The answer to the question of how to account for the tripartite division involves the most careful investigation of the whole process by which the canon actually took shape. If the entire canon of the Old Testament were formed, as some allege, by one man, or by one set of men, in a single age, then it is obvious that the books must have been separated into three groups on the basis of some material differences in their contents. If, on the other hand; the process of canonization was gradual and extended over several generations, then the various books were separated from one another probably because one section of the canon was closed before certain other books of similar character were written. At any rate it is difficult to see why Kings and Chronicles are not included in the same division, and especially strange that Daniel does not stand among the prophets. To explain this mystery, medieval Jews were wont to say that "the Prophets were inspired by the spirit of prophecy, whereas the Writings by the Holy Spirit," implying different degrees of inspiration. But this is a distinction without a difference, the Holy Spirit and the spirit of prophecy are one and the same. Modern Protestants distinguish between the donum propheticum and the munus propheticum, i.e. between the gift and the office of prophecy. They allow that Daniel possessed the gift of prophecy, but they deny that he was Divinely appointed to the office of prophet. But compare Matthew 24:15, which speaks of "Daniel the prophet," and on the other hand, Amos 7:14, in which Amos resents being considered a prophet. Oehler modifies this explanation, claiming that the threefold division of the canon corresponds to the three stages of development in the religion of Israel, namely, Mosaism, Prophetism, and Hebraism. According to Oehler, the Law was the foundation of the entire canon. From it there were two lines of development, one objective, the Prophets, the other subjective, the Writings. But Oehler's theory does not satisfactorily account for Ezra and Nehemiah and Chronicles, being in the third division; for in what sense can they be said to be more subjective than Judges, Samuel, and Kings? The Septuagint version (250-150 B.C.) takes no notice of the tripartite division. The true solution probably is that the process was gradual. When all the witnesses have been examined, we shall probably discover that the Law was canonized first, the Prophets considerably later, and the Writings last of all. And it may further become evident that the two last divisions were collected synchronously, and hence, that the tripartite divisions of the canon are due to material differences in their contents as well as to chronology.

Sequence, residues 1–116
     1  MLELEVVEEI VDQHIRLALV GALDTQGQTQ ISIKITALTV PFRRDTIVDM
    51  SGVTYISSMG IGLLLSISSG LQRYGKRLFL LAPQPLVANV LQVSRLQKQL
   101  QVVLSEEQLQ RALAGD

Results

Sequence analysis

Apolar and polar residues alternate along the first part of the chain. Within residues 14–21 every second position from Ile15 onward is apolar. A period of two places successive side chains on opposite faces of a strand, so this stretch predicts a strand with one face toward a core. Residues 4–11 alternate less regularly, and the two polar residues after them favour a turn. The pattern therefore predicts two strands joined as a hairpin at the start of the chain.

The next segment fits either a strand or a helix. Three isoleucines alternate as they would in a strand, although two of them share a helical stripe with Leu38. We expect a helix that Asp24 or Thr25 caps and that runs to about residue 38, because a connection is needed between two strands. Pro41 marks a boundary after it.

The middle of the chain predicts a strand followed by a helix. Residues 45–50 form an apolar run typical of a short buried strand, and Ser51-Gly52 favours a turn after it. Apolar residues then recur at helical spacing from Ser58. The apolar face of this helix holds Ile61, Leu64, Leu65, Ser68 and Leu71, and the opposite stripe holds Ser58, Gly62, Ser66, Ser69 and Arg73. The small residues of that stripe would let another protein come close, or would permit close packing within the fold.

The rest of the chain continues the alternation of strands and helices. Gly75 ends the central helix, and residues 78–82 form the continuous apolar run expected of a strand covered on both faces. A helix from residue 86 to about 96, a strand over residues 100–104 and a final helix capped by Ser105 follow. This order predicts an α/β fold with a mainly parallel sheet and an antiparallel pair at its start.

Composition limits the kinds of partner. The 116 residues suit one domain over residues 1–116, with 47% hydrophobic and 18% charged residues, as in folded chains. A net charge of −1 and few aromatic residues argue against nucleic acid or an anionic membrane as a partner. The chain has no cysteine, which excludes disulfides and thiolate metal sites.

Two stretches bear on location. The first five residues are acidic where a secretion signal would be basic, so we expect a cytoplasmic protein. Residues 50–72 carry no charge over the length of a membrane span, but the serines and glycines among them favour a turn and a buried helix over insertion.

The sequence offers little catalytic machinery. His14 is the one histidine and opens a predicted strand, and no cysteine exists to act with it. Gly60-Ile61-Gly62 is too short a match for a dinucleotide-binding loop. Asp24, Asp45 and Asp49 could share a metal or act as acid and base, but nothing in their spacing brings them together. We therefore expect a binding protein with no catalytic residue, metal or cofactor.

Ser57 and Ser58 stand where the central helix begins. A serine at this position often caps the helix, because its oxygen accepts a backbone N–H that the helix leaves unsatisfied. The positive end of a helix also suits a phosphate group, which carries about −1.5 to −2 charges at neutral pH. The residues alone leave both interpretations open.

II. Examination of the Witnesses.
1. The Old Testament's Witness to Itself (circa 1450-444 B.C.):